It has been said for decades that goalkeepers are "crazy".
Crazy for throwing themselves at balls travelling at 100mph, crazy for antics such as Rene Higuita's "scorpion kick" clearance, crazy for having existential crises (see Camus, Albert). But how many of them have driven into a women's prison, just to have a look around? Or set off fireworks in their bathroom? Or given a tramp £1,000 after winning 25-large at a casino? Or been sent out by their mum to get an iron and an ironing board only to return with a trampoline, Scalextric, two Vespas and a table-tennis set?
None of them, that's how many. Because goalkeepers are not crazy. Mario Balotelli, on the other hand... The evidence certainly seems to be mounting up, to the extent that even stories about the Italian footballer paying for everyone at a petrol station, though apparently fictitious, are taken as truth without a second's thought.
After all, why wouldn't someone generous enough to give a grand to a tramp – or to give his time and money to causes from Médecins Sans Frontières to a children's refuge in the favelas of Salvador da Bahia in Brazil, a school in Sudan, and a rehabilitation school for handicapped children in Mantua – also give back to the people of his adopted city of Manchester, who so adore him and the goals that finally brought the Premiership title to the light-blue half of town?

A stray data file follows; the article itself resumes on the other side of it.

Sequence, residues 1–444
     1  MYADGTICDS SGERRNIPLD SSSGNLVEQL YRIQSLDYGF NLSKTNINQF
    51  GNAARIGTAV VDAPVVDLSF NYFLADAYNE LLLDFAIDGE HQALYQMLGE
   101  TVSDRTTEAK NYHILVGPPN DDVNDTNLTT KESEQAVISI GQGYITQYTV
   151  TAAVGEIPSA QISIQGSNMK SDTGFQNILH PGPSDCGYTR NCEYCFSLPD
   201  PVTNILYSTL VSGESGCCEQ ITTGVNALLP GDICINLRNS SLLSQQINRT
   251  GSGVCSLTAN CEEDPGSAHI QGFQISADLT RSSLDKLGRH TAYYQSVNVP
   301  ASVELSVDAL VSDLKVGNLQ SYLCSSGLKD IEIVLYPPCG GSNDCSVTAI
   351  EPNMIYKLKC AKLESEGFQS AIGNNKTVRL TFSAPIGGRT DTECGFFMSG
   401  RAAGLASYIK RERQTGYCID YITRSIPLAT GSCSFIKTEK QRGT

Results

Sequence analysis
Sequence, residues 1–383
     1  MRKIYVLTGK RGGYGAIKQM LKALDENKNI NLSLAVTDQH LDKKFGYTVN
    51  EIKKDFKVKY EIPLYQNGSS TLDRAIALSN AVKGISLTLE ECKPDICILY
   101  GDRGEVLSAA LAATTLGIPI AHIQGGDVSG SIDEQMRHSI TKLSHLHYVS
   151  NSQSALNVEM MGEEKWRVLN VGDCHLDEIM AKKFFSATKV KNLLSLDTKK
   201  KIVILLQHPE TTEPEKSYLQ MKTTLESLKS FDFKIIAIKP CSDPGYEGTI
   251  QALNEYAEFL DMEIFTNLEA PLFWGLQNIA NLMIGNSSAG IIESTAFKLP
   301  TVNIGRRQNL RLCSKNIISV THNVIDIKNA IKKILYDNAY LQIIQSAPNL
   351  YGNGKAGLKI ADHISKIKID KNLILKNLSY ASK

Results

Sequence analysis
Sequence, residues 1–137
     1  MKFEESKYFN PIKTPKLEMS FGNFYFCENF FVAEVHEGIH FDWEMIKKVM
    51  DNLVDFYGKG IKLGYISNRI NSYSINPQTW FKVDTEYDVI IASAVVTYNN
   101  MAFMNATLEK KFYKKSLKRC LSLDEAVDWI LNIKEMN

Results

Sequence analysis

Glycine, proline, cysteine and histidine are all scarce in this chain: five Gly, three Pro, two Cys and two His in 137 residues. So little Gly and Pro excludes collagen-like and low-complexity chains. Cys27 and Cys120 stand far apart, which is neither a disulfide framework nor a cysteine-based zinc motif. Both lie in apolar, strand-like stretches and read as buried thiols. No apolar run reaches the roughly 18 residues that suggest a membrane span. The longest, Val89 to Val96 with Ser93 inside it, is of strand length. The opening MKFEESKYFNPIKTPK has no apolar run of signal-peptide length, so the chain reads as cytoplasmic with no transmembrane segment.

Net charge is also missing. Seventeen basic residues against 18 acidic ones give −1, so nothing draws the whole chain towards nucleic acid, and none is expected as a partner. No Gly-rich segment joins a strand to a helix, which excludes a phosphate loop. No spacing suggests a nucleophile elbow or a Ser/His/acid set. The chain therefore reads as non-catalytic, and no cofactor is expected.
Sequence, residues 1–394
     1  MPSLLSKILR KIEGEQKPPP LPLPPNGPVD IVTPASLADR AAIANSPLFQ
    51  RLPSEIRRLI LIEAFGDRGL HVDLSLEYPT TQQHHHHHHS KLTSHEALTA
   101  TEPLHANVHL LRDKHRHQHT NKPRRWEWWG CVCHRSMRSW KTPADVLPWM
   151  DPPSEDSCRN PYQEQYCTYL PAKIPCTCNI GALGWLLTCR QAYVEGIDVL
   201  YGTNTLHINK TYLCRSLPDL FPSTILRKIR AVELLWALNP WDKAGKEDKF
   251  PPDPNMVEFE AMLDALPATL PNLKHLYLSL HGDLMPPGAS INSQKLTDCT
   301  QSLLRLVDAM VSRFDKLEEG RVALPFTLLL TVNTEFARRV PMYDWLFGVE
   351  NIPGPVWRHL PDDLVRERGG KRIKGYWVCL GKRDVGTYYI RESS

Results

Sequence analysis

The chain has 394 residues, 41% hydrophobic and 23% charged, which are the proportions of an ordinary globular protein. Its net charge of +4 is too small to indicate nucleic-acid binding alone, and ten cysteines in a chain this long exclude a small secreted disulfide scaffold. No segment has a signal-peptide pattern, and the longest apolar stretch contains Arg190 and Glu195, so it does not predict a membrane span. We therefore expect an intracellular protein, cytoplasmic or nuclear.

In the words of the songsmith Noel Gallagher, who interviewed Balotelli for this newspaper's daily sister, "He's like all naturally talented people: he's not got a clue what he's doing."
Maybe not on the pitch, where he acts by instinct – missing the goal with a flamboyant backheel, say, when he could have tapped the ball in – but his heart is certainly in the right place. Not only with the aforementioned philanthropy, but also in the recent row over potential racism at Euro 2012, with his threat to walk off the pitch if he was subjected to any small-minded chanting. That he did not blow his top when a banana was aimed at him during the match against Croatia was further proof of growing maturity – although lurid details of his "interesting" personal life suggest he has not lost all the, um, elan of youth.
Mercurial in spirit, then, as well as in football boots. An exciting talent who's already lifted Euro 2012 with a sumptuous volleyed goal against Ireland.
Just one thing, Super Mario: would you mind giving it a rest tonight?
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